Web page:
MEMORANDUM AND ORDER
MICHAEL J. REAGAN, District Judge.
A. INTRODUCTION AND PROCEDURAL HISTORY
In August 2003, Theresa Birk and Robert Sinn were involved in a vehicular collision in Alexander County, Illinois. Birk hired attorney Gary Stark to file a personal injury suit against Sinn. In August 2005, Stark filed a complaint on Birk's behalf against Sinn. The lawsuit was filed in this District Court, invoked subject matter jurisdiction under the federal diversity statute, and was randomly assigned to the Honorable J. Phil Gilbert, District Judge ( Birk v. Sinn, Case No. 05-cv-4144-JPG). On February 13, 2007, that case was dismissed without prejudice by Judge Gilbert, based on the fact that service was not timely effected under Federal Rule of Civil Procedure 4(m).
In November 2011, Teresa Birk filed the above-captioned suit in this Court alleging legal malpractice by attorney Stark in handling the personal injury suit against Sinn ("the underlying action"). The case was randomly assigned to the undersigned District Judge and is set for bench trial on July 29, 2013. A settlement conference is scheduled before the Honorable Donald G. Wilkerson on June 10, 2013.
Now pending before the Court is Plaintiff's February 27, 2013 motion for summary judgment, to which Defendant timely responded on April 10, 2013. Plaintiff was given the opportunity, but declined, to file a reply brief by April 17, 2013 ( see briefing schedule at Doc. 41). For the reasons stated below, the Court denies the motion.
B. STANDARD GOVERNING SUMMARY JUDGMENT
Federal Rule of Civil Procedure 56 governs motions for summary judgment. Summary judgment should be granted if "the movant shows that there is no genuine dispute as to any material fact and the movant is entitled to judgment as a matter of law." Anderson v. Donahoe, 699 F.3d 989, 994 (7th Cir. 2012), citing FED. R. CIV. P. 56(a). A "genuine issue of material fact remains "if the evidence is such that a reasonable jury could return a verdict for the nonmoving party." Serednyj v. Beverly Healthcare, LLC, 656 F.3d 540, 547 (7th Cir. 2011), citing Anderson v. Liberty Lobby, Inc., 477 U.S. 242, 248 (1986).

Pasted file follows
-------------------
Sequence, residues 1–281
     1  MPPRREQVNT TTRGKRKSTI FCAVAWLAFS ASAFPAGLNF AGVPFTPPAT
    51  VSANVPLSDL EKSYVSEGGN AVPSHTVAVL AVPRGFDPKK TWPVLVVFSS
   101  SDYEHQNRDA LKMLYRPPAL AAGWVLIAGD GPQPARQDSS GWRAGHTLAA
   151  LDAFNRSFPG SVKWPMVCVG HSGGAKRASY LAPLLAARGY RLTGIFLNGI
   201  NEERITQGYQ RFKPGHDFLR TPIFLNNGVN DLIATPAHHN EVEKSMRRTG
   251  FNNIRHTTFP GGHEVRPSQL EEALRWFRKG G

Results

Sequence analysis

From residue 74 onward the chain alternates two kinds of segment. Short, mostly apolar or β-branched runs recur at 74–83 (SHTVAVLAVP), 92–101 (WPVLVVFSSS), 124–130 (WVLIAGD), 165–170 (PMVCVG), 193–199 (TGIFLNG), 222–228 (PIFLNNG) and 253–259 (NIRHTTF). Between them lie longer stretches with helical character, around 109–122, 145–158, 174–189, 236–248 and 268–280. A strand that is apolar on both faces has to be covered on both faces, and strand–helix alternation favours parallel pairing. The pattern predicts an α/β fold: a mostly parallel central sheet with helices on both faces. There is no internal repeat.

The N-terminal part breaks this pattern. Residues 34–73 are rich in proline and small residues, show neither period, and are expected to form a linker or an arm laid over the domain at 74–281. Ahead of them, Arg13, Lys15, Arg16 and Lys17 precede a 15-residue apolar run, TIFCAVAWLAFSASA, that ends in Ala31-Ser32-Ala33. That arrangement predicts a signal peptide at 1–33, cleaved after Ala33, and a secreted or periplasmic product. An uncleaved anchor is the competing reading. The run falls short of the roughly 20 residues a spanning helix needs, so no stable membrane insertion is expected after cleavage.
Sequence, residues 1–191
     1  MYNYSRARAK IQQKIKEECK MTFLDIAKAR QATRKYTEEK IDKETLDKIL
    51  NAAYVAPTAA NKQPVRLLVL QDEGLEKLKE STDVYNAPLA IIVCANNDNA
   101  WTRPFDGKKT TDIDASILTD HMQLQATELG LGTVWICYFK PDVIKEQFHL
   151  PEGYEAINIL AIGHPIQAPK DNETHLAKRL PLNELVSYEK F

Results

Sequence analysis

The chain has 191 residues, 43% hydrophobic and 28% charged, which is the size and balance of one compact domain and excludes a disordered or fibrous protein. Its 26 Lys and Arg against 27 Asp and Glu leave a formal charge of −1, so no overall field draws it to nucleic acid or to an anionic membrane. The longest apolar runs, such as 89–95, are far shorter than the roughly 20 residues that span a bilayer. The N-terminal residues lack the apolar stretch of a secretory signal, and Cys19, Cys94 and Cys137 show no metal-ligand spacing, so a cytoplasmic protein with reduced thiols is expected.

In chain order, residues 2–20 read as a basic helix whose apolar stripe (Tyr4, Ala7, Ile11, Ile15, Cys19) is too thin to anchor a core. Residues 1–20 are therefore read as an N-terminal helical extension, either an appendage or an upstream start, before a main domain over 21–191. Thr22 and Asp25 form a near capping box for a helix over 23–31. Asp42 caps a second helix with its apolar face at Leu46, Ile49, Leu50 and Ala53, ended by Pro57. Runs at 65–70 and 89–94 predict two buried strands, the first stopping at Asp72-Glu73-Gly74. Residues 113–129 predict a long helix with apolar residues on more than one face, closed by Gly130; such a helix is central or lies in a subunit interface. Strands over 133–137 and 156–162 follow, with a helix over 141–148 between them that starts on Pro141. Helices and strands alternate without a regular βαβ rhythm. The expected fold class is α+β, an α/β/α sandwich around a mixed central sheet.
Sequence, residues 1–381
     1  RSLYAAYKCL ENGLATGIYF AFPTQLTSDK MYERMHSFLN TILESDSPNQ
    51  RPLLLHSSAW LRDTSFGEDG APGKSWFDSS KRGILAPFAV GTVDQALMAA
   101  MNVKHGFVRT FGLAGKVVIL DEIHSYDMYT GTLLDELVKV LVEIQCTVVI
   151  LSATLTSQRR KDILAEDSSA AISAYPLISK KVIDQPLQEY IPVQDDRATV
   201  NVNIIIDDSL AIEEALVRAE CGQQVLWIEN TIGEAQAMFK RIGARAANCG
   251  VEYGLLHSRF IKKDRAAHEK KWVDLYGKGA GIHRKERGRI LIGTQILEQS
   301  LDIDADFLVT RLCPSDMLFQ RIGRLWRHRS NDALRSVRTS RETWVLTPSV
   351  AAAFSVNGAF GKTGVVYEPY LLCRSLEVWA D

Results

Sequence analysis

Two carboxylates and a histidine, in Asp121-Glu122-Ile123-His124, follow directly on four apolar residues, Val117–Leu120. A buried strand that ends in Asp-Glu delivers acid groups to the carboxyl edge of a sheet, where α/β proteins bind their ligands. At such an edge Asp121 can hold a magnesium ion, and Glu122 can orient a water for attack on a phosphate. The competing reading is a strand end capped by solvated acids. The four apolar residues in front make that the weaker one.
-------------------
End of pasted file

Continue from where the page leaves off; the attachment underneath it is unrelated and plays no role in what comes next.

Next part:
In assessing a summary judgment motion, the district court views all facts in the light most favorable to, and draws all reasonable inferences in favor of, the non-moving party. Anderson v. Donahoe, 699 F.3d at 994, citing Ault v. Speicher, 634 F.3d 942, 945 (7th Cir. 2011). Accord Righi v. SMC Corp. , 632 F.3d 404, 408 (7th Cir. 2011); Delapaz v. Richardson, 634 F.3d 895, 899 (7th Cir. 2011). Before the nonmovant can benefit from this favorable view of the evidence, however, he must first actually place some evidence before the court. Montgomery v. American Airlines, Inc., 626 F.3d 382, 389 (7th Cir. 2010).
An additional word regarding the burden of proof is warranted here. Rule 56 imposes an initial burden of production on the movant for summary judgment - he must demonstrate that a trial is not needed. Celotex Corp. v. Catrett, 477 U.S. 317, 323 (1986). The Court of Appeals for the Seventh Circuit recently reiterated how this burden works in the typical case - i.e., when the summary judgment motion is filed by the party that does not bear the ultimate burden of persuasion at trial:
Where the nonmovant bears the ultimate burden of persuasion on a particular issue, ... the requirements that Rule 56 imposes on the moving party are not onerous. It does not require the moving party to "support its motion with affidavits or other similar materials negating the opponent's claim." Id. (emphasis in original). Rather, the movant's initial burden "may be discharged by showing' - that is point[ing] out to the district court - that there is an absence of evidence to support the nonmoving party's case."
Upon such a showing, the nonmovant must then "make a showing sufficient to establish the existence of an element essential to that party's case." Id. at 322. The nonmovant need not depose her own witnesses or produce evidence in a form that would be admissible at trial, but she must "go beyond the pleadings"... to demonstrate that there is evidence "upon which a reasonable jury could properly proceed to find a verdict" in her favor."
Modrowski v. Pigatto, ___ F.3d ___, 2013 WL 1395696 (7th Cir. April 8, 2013). See also Marcatante v. City of Chicago, 657 F.3d 433, 439 (7th Cir. 2011); Crawford v. Countrywide Home Loans, Inc., 647 F.3d 642, 648-49 (7th Cir. 2011), citing Celotex, 477 U.S. at 323.
In the case at bar, though, Plaintiff seeks summary judgment. Here the movant for summary judgment is the party who bears the burden of persuasion at trial. When the party moving for summary judgment also bears the burden of persuasion at trial, that party's initial summary judgment burden is higher.
When a summary judgment movant bears the burden of persuasion at trial (e.g., the movant is the plaintiff, or the movant is a defendant asserting an affirmative defense), she must establish all the essential elements of her claim (or defense). See Celotex, 477 U.S. at 322. See also Surles v. Andison, 678 F.3d 452, 455-56 (6th Cir. 2012) (if summary judgment movant is plaintiff, she must show that the record contains evidence satisfying her burden of persuasion); Adler v. Wal-Mart Stores, Inc., 144 F.3d. 664, 670 (10th Cir. 1998)(at summary judgment stage, party that bears burden of persuasion ...